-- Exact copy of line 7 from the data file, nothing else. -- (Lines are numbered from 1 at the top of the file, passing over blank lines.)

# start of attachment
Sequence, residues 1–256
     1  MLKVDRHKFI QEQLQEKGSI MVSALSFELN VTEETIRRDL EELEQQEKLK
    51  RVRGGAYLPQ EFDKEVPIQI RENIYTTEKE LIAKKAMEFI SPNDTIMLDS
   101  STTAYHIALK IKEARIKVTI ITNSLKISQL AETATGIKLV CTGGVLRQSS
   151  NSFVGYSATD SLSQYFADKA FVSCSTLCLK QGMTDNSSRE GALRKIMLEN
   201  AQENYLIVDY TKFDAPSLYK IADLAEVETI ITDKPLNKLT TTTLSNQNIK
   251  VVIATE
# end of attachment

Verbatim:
   251  VVIATE